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Turkey and Greece reel from raging wildfires during heatwave

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A picture taken on August 3, 2021 shows flames rising from a fire spreading in the Aegean coast city of Oren, near Milas, in the holiday region of Mugla, as Turkey struggles against its deadliest wildfires in decades. – The nation of 84 million has been transfixed in horror as the most destructive wildfires in generations erase pristine forests and rich farmland across swaths of Turkey’s Mediterranean and Aegean coasts. Tourists have been forced to escape on boats for safety and dozens of villages have been evacuated as wild winds and soaring heat fan the flames. (Photo by STR / AFP)

Turkish coastguards evacuated hundreds of villagers from a burning power plant on Thursday and Greek firefighters battled a major blaze near the ancient Olympic site as a record heatwave wreaked havoc across Europe’s southeast.

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The two regional rivals have been united this week in their fight against disasters that officials and experts link to increasingly frequent and intense weather events caused by climate change.

Eight people have died and dozens have been hospitalised across the southern coasts of Turkey since the wildfires erupted last week.

The blazes in Greece this week briefly cut off the main road leading to Athens and saw worrying fires break out in Olympia — the birthplace of the Olympic Games that is usually crowded with tourists — and on the island of Evia.

Greek Prime Minister Kyriakos Mitsotakis said on a visit to the archaeological ruins where the first Olympic Games were held that it was time to “conduct studies as quickly as possible to avoid further disasters”.

Prosecutors also launched a preliminary probe into reports that fires that blocked off Athens on Tuesday and saw air quality over the capital deteriorate sharply again Thursday were caused by an explosion at a public electric company plant.

But perhaps the biggest shock came when winds whipped up a flash fire that subsumed the grounds of an Aegean coast power plant in Turkey storing thousands of tonnes of coal.

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‘Where could we go?’
An AFP team saw firefighters and police fleeing the 35-year-old KemHundreds of villagers — many clutching their pets in small bags or belongings grabbed from their abandoned homes — piled onto coastguard speedboats at the nearby port of Oren.

But a few older villagers in Oren refused to leave the disaster-hit region even while thousands of others were shuttled out by car or boats racing along the Aegean Sea.

“Where do you want us to go at our age?” asked 79-year-old Hulusi Kinic.

“We live here. This is our home. Our last solution was to throw ourselves in the sea (if there was an explosion), but thank God that did not happen.”

Turkish President Recep Tayyip Erdogan’s office said an initial inspection showed the overnight blazes left “no serious damage to the main units in the plant”.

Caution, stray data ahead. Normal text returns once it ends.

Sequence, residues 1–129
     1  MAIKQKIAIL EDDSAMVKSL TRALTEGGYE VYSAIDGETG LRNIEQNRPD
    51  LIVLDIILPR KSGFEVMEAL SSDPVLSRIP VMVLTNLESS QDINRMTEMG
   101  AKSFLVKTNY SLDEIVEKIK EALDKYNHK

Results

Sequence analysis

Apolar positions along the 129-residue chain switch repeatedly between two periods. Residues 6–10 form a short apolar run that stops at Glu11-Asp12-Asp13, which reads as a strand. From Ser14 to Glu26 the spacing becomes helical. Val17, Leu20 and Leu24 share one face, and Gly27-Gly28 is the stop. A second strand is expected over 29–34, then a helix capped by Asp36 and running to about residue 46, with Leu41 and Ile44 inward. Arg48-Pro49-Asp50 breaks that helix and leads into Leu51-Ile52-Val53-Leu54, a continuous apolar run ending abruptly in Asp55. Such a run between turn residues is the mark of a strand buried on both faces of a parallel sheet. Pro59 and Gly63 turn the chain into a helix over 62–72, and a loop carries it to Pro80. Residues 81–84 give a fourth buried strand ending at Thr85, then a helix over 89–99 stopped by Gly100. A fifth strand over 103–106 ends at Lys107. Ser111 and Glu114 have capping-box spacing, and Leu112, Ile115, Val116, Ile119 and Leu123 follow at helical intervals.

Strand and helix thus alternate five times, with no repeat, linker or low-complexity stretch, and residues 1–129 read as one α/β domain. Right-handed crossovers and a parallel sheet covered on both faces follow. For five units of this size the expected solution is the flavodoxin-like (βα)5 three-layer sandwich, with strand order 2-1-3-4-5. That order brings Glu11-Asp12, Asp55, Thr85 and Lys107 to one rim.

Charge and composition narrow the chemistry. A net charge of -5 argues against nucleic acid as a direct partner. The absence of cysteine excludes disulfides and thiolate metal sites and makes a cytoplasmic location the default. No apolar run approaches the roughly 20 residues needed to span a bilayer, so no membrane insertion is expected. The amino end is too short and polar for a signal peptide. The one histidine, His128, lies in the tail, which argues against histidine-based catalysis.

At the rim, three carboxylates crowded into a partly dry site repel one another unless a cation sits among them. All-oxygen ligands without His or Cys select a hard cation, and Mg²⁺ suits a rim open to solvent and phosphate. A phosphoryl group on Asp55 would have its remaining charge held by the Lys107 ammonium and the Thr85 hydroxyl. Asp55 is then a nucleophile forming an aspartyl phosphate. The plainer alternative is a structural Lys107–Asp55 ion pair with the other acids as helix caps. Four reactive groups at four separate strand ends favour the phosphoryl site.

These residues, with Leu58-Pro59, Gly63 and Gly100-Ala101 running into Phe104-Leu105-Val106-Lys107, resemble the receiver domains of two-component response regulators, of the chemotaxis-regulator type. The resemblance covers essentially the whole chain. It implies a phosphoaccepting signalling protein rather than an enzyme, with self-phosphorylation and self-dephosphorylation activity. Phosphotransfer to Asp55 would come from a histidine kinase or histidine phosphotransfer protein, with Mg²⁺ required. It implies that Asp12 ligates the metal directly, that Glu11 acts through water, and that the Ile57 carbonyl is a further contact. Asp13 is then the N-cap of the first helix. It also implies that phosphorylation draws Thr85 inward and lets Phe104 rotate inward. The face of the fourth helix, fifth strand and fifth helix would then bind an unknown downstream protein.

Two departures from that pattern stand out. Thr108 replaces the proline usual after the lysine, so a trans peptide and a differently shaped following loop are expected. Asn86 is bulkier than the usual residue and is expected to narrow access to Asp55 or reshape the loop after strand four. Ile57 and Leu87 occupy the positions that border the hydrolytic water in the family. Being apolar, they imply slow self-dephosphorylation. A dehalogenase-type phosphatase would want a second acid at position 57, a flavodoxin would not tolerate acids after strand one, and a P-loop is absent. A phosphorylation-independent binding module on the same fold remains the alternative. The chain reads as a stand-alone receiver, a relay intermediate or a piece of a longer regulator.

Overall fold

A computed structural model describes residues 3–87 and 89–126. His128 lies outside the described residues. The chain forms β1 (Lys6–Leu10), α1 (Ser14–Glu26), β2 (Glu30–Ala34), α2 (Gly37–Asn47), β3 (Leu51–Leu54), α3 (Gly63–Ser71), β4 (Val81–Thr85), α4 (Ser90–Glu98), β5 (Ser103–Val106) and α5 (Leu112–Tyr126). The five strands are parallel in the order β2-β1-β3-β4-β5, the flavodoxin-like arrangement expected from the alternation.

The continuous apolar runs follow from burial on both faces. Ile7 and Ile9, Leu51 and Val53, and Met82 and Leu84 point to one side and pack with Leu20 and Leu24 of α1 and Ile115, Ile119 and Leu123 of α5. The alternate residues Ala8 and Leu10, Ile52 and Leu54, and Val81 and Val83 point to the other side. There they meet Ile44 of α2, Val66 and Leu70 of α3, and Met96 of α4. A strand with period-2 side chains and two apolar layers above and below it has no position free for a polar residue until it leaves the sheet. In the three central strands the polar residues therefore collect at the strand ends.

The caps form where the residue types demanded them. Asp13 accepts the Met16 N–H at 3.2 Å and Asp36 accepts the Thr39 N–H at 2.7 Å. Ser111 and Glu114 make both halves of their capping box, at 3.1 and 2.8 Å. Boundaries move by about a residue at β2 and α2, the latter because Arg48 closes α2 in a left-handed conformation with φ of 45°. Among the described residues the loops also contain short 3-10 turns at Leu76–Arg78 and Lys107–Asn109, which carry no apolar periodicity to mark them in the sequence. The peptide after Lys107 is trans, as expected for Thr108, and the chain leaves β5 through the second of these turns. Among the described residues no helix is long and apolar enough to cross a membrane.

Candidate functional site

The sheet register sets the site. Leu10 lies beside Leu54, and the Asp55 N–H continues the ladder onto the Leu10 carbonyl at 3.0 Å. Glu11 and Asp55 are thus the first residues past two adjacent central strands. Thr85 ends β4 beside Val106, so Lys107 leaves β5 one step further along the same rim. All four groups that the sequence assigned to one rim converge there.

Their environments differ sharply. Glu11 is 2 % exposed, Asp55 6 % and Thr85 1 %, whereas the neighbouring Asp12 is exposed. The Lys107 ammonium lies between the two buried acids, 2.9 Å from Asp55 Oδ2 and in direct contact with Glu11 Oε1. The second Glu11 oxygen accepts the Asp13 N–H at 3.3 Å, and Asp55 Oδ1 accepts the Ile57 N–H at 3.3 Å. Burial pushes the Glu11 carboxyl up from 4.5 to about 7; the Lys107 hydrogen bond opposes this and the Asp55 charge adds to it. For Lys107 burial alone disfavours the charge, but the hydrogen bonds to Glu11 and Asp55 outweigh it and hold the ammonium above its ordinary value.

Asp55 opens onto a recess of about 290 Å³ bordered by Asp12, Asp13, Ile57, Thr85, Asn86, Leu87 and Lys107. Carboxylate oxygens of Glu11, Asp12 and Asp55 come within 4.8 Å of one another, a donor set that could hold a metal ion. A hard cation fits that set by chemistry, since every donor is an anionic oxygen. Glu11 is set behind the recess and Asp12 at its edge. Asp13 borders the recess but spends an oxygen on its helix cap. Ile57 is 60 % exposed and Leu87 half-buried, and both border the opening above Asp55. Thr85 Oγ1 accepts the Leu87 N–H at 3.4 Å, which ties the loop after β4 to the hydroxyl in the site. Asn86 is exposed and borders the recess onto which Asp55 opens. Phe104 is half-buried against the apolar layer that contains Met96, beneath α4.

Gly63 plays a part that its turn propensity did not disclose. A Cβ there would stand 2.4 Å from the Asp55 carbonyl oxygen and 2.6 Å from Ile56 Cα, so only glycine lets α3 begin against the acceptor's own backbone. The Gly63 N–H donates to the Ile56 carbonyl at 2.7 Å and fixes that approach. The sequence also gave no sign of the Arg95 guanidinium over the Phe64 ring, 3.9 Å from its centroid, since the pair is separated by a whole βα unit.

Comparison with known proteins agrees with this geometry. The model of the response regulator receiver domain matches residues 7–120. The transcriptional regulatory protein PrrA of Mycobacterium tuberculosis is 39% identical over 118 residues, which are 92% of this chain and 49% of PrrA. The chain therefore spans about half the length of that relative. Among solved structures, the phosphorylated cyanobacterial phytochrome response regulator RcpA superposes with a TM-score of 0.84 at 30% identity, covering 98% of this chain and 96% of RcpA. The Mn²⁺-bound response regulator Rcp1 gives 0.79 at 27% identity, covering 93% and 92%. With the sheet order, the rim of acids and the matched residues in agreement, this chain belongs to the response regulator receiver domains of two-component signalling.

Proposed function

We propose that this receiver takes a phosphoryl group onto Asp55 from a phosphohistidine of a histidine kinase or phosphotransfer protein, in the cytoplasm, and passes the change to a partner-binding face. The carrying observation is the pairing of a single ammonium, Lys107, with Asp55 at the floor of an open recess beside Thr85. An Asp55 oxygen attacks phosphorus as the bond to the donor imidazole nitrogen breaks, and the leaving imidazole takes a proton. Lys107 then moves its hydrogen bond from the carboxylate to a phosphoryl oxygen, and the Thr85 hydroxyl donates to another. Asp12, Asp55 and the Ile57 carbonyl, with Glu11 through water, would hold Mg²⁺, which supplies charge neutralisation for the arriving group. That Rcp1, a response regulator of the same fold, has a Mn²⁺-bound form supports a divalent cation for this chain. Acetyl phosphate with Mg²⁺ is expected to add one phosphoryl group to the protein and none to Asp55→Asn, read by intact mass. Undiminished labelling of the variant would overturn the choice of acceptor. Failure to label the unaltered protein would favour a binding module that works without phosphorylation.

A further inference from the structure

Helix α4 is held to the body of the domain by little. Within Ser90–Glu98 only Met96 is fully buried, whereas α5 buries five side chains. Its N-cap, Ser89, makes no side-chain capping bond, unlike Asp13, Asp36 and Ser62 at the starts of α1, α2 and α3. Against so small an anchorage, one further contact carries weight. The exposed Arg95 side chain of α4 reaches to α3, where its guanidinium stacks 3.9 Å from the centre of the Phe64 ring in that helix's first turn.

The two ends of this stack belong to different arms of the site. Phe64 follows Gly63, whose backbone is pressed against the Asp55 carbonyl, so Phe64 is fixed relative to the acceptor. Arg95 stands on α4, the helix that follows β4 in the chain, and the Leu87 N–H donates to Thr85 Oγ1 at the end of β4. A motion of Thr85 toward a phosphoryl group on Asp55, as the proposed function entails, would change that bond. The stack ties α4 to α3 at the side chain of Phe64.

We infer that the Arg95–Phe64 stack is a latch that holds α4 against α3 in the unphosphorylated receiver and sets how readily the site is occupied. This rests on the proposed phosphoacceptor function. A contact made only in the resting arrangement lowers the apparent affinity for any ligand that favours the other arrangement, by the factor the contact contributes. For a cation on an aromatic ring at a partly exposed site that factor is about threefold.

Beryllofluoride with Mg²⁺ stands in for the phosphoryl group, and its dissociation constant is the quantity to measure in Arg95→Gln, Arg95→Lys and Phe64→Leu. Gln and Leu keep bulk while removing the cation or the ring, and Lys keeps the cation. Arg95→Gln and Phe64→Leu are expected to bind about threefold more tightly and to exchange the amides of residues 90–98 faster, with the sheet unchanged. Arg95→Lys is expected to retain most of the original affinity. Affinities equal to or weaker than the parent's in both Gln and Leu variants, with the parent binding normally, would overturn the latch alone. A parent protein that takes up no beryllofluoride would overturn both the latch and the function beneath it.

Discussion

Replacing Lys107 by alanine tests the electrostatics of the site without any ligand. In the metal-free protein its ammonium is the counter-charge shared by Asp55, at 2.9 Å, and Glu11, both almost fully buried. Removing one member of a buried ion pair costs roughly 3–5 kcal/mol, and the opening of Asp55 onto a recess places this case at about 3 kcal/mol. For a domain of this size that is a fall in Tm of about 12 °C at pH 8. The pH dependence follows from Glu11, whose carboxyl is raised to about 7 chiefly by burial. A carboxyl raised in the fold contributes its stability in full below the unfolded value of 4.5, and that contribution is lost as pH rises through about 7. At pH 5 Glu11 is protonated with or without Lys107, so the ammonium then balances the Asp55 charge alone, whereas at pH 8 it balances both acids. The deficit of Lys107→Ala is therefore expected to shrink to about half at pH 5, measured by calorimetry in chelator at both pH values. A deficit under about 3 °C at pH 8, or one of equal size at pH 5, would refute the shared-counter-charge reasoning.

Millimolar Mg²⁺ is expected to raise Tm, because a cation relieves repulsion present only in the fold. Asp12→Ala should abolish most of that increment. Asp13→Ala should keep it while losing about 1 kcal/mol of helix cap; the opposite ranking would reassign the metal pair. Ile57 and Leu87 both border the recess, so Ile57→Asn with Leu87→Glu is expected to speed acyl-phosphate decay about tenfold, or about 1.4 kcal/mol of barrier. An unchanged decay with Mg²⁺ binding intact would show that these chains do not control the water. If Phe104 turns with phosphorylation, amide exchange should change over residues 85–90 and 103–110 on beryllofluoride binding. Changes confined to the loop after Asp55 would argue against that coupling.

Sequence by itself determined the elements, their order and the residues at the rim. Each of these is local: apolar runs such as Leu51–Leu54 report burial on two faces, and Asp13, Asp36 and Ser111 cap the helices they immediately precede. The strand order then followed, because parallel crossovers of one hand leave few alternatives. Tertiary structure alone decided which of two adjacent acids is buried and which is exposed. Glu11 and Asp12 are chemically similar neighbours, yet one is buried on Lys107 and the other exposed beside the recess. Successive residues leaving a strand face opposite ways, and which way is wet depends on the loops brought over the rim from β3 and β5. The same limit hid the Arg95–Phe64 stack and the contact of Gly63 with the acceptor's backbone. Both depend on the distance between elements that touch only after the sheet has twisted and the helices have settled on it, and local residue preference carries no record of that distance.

‘Asking for reinforcements’
Greek firefighters said they had contained 92 of the 118 blazes reported on Wednesday evening and 180 have ignited in Turkey since July 28 — more than a dozen of them still active on Wednesday night.

The EU’s Copernicus Climate Change Service said July was the second-hottest on record in Europe.

Greek deputy minister for civil protection Nikos Hardalias said earlier this week that the ferocity of the fires meant that “we are no longer talking about climate change but a climate threat”.

The unfolding disasters saw the leaders of both countries come under pressure from local officials for what they felt was an insufficiently resolute response.

“We are asking the authorities to reinforce the air and land forces to so as not to risk human lives,” Limni mayor Giorgos Tsapourniotis told Greece’s ANA news agency.

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ANA said Greek aerial assets were struggling to fly over the fast-evolving fire on the eastern island because visibility was being hampered by thick smoke spread by strong winds.

Erdogan on the defensive
Erdogan has come under especially withering criticism for being slow or unwilling to accept some offers of foreign assistance after revealing that Turkey had no functioning firefighting planes.

The crisis has posed an unexpected challenge to the powerful Turkish leader two years before he faces an election that could extend his rule into a third decade.

Erdogan tried to mount a political counterattack in a television interview Wednesday that began just as news broke that the fire had reached the Aegean power plant.

“When fires break out in America or Russia, (the opposition) stands by the government, We don’t have this,” Erdogan said.

The prosecutors’ office in Ankara said Thursday it has launched an investigation into social media posts about the fire that were “trying to create anxiety, fear and panic in the public, and to humiliate the Turkish government”.

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